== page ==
An arrow hits a target as a fifteen year old girl on a horse goes galloping victoriously by.  It is not an unusual sight in late eighteenth century China – learning equestrian and martial skills was considered as normal an accomplishment to upper class women of that era as pianoforte playing and embroidery were to their European contemporaries.  The girl riding that horse, however, was decidedly an unusual character, one who set herself to grapple with all of the fields of endeavor offered by her time, from mathematics to poetry to martial arts to astronomy, and made a name for herself in all of them.

That name was Wang Zhenyi (1768-1797) and had she lived longer, there is no telling what her place in the world’s intellectual pantheon might have been.  As it was, she managed to carve for herself a national reputation in three separate disciplines within the space of three short decades, and was one of China’s leading voices advocating a heliocentric conception of the solar system.  Her grandfather, Wang Zhefu, was a former governor with a library boasting seventy five bookcases of texts, and her father was a doctor and the author of a four volume treatise on medical prescriptions.  

Brought up in modern day Nanjing, at the age of eleven she and her father traveled to Jiling to attend her grandfather’s funeral. They remained at Jiling for five years after the funeral, where Wang Zhenyi occupied herself studying from her grandfather’s extensive library, taking breaks to learn martial and equestrian skills under the instruction of the wife of a Mongolian general.  Soon, she was able to perform archery and martial arts with her horse at a gallop as deftly as she was able to compose poetry or analyze the classics of Chinese literature, and by sixteen she was ready to accompany her father on trips all across China, absorbing what she saw of local economic and social conditions, and employing her observations of injustice and suffering to deepen her poetic output.  

Wang Zhenyi left behind thirteen volumes of poetry, which deserve their own analysis altogether, but today we are going to focus on her contributions to mathematics and astronomy, and to feel the impact of those, we need to ask the question, just where was China scientifically by the mid-to-late Eighteenth Century?  I think we have a tendency, particularly in the West, to think of Chinese science as consisting of an explosion around the Song Dynasty (960-1279), then a steady decline into medieval stasis that was not reversed in any substantial way until the tail end of the Qing Empire.  In reality, by the Eighteenth Century the Chinese astronomical revolution was well underway, supported by three successive waves of imported experts who brought with them the most advanced insights of their scientific traditions.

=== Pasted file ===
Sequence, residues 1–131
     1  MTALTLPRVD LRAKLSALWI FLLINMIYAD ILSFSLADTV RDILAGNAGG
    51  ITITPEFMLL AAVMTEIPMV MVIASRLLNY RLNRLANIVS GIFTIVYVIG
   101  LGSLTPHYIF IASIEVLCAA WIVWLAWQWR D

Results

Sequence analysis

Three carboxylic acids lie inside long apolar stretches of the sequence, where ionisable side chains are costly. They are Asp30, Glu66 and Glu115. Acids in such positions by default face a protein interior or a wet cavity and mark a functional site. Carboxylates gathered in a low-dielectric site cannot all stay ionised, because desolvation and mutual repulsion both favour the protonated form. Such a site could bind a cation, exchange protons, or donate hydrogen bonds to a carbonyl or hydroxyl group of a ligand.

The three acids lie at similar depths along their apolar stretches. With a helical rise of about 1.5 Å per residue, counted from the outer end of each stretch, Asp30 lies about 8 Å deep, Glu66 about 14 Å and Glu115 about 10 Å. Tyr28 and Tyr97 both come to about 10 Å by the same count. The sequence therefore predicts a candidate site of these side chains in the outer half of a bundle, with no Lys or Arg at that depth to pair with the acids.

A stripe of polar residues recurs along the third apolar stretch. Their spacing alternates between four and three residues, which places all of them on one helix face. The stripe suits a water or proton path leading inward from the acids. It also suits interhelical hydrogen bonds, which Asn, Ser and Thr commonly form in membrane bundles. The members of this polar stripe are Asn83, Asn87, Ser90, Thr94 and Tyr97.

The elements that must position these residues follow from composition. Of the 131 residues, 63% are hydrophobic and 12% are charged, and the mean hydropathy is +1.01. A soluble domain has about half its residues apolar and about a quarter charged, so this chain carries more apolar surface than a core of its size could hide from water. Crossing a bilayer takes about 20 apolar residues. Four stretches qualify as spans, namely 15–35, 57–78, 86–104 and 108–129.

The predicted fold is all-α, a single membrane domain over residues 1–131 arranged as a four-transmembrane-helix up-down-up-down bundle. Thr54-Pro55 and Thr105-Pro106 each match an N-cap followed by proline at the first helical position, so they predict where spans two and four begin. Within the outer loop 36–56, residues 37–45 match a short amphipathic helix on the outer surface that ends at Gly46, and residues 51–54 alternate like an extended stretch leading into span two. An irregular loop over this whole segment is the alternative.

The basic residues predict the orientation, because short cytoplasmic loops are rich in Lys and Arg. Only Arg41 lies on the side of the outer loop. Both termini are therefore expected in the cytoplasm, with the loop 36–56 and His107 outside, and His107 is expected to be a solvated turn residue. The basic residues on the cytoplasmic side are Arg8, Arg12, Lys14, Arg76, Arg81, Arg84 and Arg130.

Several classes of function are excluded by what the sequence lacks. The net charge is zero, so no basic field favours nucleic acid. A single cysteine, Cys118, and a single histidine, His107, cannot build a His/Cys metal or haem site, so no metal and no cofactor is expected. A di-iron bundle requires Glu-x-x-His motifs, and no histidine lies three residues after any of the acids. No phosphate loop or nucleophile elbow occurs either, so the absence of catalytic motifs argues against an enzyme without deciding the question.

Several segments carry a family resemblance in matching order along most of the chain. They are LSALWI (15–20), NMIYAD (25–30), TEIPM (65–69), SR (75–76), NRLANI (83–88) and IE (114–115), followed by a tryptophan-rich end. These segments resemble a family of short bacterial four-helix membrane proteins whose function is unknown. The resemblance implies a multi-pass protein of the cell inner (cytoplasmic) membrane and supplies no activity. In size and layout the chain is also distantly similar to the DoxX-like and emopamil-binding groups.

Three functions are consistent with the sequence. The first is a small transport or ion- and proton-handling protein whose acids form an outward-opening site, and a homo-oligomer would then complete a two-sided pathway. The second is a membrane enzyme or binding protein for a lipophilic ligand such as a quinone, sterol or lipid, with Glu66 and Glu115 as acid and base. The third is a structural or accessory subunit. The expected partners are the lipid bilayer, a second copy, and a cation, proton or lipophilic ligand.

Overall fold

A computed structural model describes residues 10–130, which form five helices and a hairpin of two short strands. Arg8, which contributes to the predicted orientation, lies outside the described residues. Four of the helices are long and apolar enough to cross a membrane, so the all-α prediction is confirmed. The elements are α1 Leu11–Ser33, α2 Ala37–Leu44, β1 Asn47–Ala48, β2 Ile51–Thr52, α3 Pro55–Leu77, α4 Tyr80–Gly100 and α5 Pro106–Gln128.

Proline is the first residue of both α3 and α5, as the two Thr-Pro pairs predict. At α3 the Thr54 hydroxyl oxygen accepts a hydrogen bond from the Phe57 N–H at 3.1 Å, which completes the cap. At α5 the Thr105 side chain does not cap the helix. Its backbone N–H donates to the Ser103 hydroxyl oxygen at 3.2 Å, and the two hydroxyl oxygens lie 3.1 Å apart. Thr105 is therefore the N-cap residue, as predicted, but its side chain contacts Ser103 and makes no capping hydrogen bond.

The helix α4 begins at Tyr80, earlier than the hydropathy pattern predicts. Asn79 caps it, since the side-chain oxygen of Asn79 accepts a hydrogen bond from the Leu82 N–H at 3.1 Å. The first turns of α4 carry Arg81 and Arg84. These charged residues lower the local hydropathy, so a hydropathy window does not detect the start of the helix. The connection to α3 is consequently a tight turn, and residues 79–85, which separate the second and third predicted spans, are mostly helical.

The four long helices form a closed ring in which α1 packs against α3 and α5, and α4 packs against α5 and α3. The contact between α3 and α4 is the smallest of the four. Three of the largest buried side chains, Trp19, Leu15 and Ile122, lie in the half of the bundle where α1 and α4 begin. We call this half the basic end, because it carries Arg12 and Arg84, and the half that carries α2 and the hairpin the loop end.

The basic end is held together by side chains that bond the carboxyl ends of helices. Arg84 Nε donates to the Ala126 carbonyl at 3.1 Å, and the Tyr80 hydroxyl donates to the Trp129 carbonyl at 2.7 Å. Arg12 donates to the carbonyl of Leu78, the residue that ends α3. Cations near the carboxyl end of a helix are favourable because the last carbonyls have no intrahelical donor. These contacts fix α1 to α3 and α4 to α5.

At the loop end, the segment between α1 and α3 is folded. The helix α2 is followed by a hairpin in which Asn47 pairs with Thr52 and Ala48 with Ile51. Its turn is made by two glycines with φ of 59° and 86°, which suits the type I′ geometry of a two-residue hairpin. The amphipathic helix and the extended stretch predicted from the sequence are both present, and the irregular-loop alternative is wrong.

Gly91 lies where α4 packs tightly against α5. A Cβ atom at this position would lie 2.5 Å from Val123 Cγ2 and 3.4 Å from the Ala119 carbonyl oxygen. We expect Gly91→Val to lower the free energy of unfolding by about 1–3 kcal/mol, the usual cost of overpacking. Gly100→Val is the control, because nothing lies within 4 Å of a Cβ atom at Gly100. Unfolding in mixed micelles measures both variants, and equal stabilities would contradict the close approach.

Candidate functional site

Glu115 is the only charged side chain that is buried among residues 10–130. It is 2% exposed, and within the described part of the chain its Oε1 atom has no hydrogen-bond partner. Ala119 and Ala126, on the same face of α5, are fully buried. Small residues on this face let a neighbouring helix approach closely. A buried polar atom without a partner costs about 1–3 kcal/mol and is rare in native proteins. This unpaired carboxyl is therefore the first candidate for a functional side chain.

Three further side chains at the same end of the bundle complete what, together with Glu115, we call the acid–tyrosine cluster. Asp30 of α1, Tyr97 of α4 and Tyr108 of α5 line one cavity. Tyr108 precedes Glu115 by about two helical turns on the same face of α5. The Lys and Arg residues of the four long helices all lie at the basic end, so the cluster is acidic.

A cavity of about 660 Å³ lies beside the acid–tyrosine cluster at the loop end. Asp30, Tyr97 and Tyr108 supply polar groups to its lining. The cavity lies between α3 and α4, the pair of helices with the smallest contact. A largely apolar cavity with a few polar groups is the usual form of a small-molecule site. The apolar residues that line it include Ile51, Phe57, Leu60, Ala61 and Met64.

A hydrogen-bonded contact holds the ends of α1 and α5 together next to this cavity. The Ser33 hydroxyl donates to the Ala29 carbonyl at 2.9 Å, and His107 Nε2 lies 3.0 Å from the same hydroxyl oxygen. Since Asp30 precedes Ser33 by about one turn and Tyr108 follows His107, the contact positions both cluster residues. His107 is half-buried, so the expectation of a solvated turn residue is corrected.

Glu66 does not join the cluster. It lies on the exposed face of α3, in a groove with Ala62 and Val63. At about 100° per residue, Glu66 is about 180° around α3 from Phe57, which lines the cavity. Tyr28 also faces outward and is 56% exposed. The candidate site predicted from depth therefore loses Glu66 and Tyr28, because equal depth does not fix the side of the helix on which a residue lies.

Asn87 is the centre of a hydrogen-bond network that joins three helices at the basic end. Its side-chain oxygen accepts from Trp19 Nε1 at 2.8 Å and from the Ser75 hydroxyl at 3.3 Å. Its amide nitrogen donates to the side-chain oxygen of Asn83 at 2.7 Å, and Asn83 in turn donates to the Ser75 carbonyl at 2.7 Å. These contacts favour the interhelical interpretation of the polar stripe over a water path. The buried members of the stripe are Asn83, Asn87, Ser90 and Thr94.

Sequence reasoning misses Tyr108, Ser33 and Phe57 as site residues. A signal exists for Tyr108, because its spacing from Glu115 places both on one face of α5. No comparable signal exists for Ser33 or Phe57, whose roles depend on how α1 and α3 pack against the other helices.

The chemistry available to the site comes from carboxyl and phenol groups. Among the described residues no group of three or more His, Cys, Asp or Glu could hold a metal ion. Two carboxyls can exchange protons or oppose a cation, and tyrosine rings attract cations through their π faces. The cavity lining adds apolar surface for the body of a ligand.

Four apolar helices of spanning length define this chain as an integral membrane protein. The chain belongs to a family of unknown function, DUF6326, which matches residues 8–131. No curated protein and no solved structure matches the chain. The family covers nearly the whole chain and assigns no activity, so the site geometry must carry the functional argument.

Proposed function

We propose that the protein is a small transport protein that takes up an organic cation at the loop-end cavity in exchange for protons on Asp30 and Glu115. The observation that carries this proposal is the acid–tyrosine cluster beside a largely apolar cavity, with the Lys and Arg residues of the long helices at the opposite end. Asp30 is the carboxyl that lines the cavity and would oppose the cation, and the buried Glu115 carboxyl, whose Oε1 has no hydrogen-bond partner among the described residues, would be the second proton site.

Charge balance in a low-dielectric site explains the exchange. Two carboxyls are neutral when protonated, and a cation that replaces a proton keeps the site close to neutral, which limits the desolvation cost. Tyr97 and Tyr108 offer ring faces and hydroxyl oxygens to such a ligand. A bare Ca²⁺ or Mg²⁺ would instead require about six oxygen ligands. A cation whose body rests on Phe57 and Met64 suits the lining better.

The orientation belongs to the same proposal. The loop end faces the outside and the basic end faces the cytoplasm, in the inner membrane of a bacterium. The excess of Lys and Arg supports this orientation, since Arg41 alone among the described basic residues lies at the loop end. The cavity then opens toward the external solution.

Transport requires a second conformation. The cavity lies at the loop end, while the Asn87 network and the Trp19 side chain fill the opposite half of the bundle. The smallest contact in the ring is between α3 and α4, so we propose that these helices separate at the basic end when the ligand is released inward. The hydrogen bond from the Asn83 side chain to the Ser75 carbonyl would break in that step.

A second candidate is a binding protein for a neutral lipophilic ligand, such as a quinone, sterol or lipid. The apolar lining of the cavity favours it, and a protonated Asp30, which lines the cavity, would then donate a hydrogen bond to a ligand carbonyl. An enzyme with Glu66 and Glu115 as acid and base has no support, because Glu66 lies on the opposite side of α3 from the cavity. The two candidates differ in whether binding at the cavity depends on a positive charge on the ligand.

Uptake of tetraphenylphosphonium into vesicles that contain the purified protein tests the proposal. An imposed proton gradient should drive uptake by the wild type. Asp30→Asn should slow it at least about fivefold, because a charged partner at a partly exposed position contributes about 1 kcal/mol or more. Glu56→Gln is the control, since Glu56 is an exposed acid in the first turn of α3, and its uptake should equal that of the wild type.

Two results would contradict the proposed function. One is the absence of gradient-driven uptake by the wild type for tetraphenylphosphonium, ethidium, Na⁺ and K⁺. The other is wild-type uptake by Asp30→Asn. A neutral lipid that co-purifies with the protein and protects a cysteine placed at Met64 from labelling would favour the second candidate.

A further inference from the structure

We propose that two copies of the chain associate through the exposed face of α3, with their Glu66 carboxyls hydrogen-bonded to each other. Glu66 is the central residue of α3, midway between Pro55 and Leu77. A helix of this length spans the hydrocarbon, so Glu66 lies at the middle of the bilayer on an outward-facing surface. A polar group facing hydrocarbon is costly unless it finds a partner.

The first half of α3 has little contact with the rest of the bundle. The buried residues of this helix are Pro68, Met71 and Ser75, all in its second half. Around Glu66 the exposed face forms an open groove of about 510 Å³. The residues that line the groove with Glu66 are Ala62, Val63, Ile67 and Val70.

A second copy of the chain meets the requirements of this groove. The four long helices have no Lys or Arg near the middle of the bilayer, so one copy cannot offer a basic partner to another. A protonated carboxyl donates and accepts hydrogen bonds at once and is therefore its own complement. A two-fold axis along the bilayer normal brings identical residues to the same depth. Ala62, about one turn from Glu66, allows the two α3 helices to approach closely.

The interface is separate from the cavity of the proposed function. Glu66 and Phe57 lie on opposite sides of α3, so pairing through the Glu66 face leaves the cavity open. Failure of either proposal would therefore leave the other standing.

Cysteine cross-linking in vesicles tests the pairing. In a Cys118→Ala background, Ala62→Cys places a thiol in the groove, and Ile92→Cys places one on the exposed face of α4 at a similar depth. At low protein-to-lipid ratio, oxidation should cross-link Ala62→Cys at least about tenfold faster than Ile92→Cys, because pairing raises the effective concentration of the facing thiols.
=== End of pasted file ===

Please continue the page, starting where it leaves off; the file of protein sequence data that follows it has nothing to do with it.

Once Buddhism started making its way into China across the Silk Road in the first century CE, carried by Indian missionaries, it was not long until other aspects of Indian culture began making inroads into Chinese intellectual life as well, and principle among these was India’s preeminence in mathematics and astronomy.  This tradition reached its culmination in the work of Aryabhata (476-550) whose development of trigonometry and application of its principles to spherical trigonometry allowed a powerful mathematization of the night sky a millennium before the efforts of Galileo and Newton.

The Chinese Imperial government took note of the accuracy of Indian astronomical techniques and in the seventh century a number of Indian astronomers could be found working in the provincial capital of Chang’an.  Their work was then amplified by a wave of Islamic astronomers brought in by the Yuan/Mongol Dynasty in the Thirteenth Century as part of their racial policy of staffing the upper echelons of the Chinese bureaucracy with as many non-Chinese individuals as they could get their hands on.  Persia was one of their particularly preferred hunting grounds for imperial administrators and officials, and from Persia came Jamal ad-Din in 1267, carting with him a terrestrial globe, an armillary sphere, and an Islamic astronomical almanac.  His command of astronomical technology, and success as the director of Beijing’s Islamic observatory, impressed the Yuan, who took to importing more Islamic scientists and inventing their own variations on Islamic astronomical instruments, a practice which continued to the Ming Dynasty (1368-1644), with the erection of more observatories and compilation of new observation charts and calendars.